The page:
Jimmy Akin March 9, 2011 at 10:14 am

The 1983 Code of Canon Law supercedes Paenitimini anywhere the two are in conflict. Therefore 18-20 year olds are now bound by the law of fast unless they have an excusing reason such as a health condition.

joye March 9, 2011 at 11:04 am

Could you give me a citation, though, Mr. Akin? It isn’t that I don’t believe that what you say SHOULD be correct, it’s just that I was surprised that I couldn’t find it written in canon law or in bishops’ policies. Is it purely a matter of custom? If that’s the case, then why do you find custom insufficient in the other matters of Lenten practice such as the “two meals not adding up to a meal” thing?
I guess, from reading your posts about Lent, I’ve started thinking “common knowledge is out, only what is actually written in black and white is in”, and I can’t find this in black and white. I was frankly stunned not to find it; it makes no sense to me that it wouldn’t be mentioned in canon law, something like “those who have medical reasons are not bound”. But that line isn’t there.
Why is age mentioned explicitly but medical conditions not?

Diane March 9, 2011 at 11:34 am

I was extremely disappointed about two years ago, when a priest wrote a column for our local diocesan newspaper addressing this. He explicitly stated that pregnancy is not a medical condition and does not fall under the exemption.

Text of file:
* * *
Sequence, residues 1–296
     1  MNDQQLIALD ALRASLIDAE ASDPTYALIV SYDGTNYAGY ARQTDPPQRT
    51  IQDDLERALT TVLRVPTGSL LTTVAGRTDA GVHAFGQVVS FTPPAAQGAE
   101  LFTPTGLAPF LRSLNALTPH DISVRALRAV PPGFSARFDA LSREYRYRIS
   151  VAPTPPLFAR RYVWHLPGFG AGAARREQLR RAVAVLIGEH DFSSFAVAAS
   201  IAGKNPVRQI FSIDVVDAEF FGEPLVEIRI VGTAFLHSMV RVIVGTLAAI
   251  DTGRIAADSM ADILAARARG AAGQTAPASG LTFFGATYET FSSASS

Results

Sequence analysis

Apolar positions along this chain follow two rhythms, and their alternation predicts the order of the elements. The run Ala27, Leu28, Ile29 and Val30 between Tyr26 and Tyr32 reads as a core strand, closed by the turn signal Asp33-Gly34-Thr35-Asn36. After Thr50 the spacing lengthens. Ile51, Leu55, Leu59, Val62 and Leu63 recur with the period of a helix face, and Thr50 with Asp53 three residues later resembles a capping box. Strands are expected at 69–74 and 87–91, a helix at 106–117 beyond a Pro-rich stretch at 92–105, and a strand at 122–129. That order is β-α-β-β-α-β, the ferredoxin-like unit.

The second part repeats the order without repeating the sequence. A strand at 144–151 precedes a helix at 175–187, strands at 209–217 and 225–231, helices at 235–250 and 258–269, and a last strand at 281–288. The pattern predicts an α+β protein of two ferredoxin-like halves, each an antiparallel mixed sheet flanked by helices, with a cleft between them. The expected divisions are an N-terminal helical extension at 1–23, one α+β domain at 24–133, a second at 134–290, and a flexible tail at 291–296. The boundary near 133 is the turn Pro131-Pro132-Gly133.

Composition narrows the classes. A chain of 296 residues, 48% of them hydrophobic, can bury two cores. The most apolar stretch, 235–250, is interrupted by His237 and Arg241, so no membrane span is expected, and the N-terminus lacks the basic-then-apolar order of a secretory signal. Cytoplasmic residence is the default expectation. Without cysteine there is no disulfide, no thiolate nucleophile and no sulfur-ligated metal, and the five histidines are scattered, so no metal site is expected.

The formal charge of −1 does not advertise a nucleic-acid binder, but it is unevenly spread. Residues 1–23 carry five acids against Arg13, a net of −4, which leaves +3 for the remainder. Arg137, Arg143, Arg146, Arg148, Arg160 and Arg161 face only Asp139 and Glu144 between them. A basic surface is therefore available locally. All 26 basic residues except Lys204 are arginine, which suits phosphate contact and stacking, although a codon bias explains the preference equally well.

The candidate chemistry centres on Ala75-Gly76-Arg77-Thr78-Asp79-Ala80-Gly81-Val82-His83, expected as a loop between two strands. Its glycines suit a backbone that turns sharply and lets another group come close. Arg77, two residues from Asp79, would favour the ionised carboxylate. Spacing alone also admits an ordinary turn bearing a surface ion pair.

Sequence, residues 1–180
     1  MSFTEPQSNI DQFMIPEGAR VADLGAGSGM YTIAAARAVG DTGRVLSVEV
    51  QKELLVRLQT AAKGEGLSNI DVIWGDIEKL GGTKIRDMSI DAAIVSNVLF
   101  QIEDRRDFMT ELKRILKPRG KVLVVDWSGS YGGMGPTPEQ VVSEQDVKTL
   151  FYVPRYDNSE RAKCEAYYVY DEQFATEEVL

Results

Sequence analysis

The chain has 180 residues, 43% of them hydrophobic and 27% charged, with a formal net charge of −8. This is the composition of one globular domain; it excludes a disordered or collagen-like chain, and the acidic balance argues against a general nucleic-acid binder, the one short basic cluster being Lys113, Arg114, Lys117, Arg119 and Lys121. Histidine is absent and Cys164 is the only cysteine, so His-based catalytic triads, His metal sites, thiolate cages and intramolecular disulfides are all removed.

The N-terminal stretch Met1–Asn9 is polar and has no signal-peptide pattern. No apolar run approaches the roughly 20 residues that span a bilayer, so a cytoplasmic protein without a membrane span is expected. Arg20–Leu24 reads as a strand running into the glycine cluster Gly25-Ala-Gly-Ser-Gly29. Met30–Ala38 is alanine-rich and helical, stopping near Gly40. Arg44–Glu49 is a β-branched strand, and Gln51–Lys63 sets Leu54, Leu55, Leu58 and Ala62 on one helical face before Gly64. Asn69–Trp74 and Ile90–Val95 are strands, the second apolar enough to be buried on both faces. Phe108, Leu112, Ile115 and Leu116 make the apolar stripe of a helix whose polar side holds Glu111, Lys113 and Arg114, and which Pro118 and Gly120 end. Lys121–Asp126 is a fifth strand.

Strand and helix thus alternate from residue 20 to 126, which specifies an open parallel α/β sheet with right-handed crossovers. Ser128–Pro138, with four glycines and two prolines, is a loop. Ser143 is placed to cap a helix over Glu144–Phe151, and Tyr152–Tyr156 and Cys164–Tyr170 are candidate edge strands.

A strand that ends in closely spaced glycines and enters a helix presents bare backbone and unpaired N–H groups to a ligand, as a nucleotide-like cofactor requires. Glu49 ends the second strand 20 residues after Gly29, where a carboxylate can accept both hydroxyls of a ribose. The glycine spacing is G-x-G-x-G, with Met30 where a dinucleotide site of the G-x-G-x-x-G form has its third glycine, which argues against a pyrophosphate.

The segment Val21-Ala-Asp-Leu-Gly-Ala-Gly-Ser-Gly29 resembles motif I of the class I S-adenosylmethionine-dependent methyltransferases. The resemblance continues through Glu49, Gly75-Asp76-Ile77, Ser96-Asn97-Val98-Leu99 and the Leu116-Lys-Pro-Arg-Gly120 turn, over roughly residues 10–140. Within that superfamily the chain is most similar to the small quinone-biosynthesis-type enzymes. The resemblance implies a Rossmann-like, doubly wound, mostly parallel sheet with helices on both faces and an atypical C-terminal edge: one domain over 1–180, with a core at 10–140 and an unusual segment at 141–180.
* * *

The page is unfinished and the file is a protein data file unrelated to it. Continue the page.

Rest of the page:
Personally, I think he was confusing “not a medical condition” with the “not a disease” argument used by pro-life groups.
My question became, if pregnancy is not a medical condition, then why do I have to visit a doctor regularly throughout my pregnancies?
I am a woman who will get extreme, debilitating nausea if I fast during the first trimester.
I once fasted while lactating (right after reading that article), and my poor baby suffered the consequences. I did not have enough milk to satisfy her the next day.
It would be nice if the Church would address these issues directly.

Jimmy Akin March 9, 2011 at 1:07 pm

Joye: There is not an official citation on this. The matter is dealt with in manuals of moral and pastoral theology. Reading the older ones makes it clear that there are many unstated exceptions to the law of fast (e.g., workers needing to keep their strength or mental alertness up) and that what counts as an exception can vary by the condition of the individual person.
The relevance of a person’s bodily state is also implicit in the law itself. The reason that the law of fast ceases when you turn 59 is a recognition of the fact that older people have a different bodily condition than younger ones and correspondingly are released from the fast.
As to why this is not dealt with in the law, the Church has always had these exceptions recognized by moral and pastoral theologians and it expects the same kind of obvious, common sense pastoral exceptions to be recognized now. If it didn’t want them to be then the burden would be on it to explicitly prohibit them.
In other words, the exception is considered to be so obvious and well known that it does not need explicit mention in the law.

Jackie Parkes March 16, 2011 at 1:17 am

Thanks for all the information..

Karen Caruthers March 23, 2011 at 7:58 pm

Thanks for the post! My son was just asking today about “Good” Friday! Also, to comment on the fish on Friday line of thought, I have always thought the reason why fish is permitted is because according to kosher dietary laws, fish is parve (neither milk nor meat) I don’t have anything to back that up (other than the fact that fish really is parve!) but it makes sense to me :)

Previous post:

Next post: